Parts and Wholes

If one were to look for Whitewater’s population, the U.S. Census Bureau’s report from 2010 would say it was 14,390, and that same bureau’s 2014 American Community Survey would say it was 15,040.

Let’s call the total population 15,000, at least for a moment.  Expressed this way, Whitewater seems like one place of a certain size.

I think that’s an inaccurate view of Whitewater – as one thing of a certain size – although there is a huge investment in what’s left of Whitewater’s political class to describe the city that way.

The truth, however, is that it’s more accurate to say that Whitewater is less one thing, one creature, and more like two or more creatures living in each other’s midst.  For other posts along these lines, see, The Meaning of Whitewater’s Not-Always-Mentioned Demographics and A Small But Diverse City, Seldom Described That Way.

Springer spaniels weigh about forty pounds, and Great Danes weigh about one-hundred thirty pounds.  Add them up, and that’s a one-hundred seventy-five pound dog.

But, of course, they’re not a one-hundred seventy-five pound dog at all.  They’re two dogs, of different sizes.  They have decidedly different needs.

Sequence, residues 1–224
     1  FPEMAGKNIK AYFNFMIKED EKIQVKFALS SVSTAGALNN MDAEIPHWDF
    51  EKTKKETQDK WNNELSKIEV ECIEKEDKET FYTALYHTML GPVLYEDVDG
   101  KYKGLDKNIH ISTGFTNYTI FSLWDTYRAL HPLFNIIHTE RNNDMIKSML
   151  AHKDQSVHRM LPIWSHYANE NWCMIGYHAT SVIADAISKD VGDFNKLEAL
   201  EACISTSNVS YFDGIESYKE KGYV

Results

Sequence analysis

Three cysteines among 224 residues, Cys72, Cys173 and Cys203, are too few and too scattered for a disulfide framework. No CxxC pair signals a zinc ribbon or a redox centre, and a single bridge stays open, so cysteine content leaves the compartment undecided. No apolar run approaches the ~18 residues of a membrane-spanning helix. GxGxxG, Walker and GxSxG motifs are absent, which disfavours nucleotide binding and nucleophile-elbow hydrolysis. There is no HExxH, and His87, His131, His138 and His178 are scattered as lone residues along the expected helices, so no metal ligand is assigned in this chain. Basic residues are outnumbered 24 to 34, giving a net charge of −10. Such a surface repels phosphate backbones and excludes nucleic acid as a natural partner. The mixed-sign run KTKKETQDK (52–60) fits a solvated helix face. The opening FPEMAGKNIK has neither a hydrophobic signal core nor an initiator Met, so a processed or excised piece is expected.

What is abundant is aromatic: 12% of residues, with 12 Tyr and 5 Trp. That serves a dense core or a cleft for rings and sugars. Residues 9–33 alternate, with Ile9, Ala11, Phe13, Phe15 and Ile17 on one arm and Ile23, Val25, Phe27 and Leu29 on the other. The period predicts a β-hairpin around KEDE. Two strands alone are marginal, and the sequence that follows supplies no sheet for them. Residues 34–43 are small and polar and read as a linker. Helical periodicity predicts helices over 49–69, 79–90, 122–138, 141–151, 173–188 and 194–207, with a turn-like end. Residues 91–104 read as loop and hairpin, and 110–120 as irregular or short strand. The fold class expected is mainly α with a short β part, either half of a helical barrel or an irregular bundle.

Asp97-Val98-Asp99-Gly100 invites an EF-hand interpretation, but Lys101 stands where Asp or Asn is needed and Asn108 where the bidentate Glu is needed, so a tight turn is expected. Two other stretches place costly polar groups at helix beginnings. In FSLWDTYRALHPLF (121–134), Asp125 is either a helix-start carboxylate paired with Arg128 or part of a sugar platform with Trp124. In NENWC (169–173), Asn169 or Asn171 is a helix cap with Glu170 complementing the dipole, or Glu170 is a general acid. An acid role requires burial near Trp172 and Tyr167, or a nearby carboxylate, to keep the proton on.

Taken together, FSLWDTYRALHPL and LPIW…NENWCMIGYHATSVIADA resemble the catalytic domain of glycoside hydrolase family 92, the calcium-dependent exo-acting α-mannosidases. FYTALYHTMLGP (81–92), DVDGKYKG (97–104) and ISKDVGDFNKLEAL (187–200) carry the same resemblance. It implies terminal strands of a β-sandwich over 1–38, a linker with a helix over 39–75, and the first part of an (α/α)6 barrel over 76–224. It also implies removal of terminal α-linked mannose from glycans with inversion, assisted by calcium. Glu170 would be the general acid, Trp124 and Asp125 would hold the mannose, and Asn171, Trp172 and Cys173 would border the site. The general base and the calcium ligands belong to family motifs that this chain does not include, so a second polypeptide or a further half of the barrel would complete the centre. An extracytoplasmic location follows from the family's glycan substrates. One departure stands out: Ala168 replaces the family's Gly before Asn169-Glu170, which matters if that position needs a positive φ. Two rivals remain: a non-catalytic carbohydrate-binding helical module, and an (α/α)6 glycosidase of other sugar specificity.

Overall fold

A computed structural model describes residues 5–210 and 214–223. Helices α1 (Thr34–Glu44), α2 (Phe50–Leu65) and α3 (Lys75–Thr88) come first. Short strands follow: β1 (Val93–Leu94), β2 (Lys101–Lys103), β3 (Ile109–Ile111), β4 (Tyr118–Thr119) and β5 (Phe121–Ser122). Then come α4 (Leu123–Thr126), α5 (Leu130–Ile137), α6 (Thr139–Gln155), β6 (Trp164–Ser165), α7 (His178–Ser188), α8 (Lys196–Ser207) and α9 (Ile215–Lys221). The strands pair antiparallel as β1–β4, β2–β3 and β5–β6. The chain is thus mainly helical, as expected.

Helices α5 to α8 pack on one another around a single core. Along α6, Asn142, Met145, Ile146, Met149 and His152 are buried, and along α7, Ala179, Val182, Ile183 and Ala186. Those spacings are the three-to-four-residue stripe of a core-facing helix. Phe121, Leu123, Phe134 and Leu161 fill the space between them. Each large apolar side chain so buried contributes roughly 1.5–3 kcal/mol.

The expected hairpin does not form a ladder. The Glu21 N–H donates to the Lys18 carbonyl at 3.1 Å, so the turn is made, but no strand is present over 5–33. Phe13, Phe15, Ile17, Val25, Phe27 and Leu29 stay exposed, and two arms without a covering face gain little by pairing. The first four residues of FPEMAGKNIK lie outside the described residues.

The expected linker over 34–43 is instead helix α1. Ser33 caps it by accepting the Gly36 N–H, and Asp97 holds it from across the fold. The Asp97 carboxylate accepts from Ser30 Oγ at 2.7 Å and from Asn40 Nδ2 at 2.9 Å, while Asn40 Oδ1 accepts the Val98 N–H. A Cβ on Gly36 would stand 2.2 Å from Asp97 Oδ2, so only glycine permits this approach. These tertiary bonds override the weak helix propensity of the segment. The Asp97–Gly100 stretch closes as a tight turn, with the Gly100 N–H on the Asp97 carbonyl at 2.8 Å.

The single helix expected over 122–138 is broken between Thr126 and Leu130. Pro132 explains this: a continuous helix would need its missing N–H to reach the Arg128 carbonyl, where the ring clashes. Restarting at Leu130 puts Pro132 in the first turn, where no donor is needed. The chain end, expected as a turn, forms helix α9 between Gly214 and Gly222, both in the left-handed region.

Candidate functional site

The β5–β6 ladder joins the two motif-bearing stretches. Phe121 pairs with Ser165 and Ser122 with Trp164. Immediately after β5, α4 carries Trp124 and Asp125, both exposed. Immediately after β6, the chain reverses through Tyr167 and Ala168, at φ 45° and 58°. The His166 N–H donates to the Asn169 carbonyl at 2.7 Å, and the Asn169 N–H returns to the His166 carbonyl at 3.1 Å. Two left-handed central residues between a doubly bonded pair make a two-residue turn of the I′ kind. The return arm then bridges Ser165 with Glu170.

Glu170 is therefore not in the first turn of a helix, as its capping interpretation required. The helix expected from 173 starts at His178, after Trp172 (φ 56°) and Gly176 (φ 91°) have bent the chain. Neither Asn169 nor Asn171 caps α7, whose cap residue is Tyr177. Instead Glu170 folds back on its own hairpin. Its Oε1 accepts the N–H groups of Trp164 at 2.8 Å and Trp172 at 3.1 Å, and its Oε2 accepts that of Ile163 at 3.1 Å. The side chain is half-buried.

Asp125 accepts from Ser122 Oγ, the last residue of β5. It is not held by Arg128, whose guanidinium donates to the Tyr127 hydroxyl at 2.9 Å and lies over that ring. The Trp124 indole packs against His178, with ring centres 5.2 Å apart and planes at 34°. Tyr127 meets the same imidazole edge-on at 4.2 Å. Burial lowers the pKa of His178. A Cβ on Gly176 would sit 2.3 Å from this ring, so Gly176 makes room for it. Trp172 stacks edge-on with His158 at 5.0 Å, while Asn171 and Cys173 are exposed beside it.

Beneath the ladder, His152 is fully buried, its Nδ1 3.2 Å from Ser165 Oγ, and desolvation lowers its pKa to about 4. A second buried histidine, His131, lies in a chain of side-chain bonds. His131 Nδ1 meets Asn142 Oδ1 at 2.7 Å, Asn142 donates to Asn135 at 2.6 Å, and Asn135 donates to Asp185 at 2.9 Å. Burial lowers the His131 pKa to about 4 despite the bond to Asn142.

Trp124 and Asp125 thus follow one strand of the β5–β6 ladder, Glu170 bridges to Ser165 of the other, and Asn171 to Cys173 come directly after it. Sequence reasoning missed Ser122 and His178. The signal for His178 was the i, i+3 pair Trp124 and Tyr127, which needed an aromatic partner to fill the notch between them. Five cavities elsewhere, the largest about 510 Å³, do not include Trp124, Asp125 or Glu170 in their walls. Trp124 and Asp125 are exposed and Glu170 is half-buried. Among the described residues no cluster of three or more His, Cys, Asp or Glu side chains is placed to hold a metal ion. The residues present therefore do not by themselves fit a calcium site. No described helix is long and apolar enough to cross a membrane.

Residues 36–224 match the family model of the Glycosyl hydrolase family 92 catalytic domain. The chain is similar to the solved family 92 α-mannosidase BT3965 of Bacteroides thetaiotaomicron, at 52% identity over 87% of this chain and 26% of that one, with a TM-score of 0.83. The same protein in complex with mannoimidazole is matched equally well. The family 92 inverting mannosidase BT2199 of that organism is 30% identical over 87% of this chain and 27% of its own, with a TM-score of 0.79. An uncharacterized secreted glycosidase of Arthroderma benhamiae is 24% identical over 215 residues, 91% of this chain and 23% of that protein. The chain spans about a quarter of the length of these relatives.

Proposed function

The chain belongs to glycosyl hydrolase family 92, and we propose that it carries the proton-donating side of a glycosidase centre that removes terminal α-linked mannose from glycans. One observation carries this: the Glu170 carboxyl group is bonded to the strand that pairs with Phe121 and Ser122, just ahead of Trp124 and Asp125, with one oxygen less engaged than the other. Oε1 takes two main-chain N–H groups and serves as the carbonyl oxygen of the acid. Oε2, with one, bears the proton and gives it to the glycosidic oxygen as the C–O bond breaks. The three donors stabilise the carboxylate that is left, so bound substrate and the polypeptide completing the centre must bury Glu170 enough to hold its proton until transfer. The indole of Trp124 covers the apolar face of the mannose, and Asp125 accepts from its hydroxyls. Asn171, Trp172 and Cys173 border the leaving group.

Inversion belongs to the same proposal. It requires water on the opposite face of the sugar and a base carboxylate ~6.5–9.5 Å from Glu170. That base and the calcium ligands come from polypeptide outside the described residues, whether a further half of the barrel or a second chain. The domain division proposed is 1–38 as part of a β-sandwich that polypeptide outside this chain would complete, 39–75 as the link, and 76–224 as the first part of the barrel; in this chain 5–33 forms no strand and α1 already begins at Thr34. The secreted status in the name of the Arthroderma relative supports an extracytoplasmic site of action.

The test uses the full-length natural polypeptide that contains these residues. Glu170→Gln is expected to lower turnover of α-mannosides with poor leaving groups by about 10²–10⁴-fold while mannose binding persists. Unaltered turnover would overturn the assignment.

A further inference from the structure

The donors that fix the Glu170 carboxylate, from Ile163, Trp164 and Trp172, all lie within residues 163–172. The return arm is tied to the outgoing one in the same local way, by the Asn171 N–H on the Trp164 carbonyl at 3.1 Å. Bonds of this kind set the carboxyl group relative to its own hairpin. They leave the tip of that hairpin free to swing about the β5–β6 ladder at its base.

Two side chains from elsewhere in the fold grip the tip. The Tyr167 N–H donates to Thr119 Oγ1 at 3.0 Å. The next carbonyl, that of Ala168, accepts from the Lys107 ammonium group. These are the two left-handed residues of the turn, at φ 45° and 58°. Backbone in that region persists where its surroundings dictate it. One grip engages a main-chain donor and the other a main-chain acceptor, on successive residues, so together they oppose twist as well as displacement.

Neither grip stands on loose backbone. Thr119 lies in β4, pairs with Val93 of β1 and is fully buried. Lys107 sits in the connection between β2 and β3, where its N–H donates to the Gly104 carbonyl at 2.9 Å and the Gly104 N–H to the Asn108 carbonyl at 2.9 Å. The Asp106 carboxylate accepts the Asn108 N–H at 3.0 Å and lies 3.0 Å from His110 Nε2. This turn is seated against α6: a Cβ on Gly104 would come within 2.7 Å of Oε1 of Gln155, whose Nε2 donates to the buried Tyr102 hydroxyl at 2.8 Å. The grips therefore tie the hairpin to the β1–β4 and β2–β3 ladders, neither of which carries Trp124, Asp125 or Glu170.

Nor can one combine how much each weighs, divide by two, and thereby determine what kind of animal they are.  Doing that, one would conclude that the composite dog is a medium-sized animal, somewhere in the middle:

Springer spaniels and Great Danes added together do not make a bigger dog, nor do they make a medium-sized dog.  They’re two separate creatures.

We’ve been describing Whitewater, far too much, as one creature, but the city is composed of several demographics that want different things, and thus combine for a common goal only sometimes.

Tomorrow: Data Around Whitewater’s Size.

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7 years ago

You are spot on. I often look at school district enrollment and compare to other districts for a more accurate reflection of the city’s population.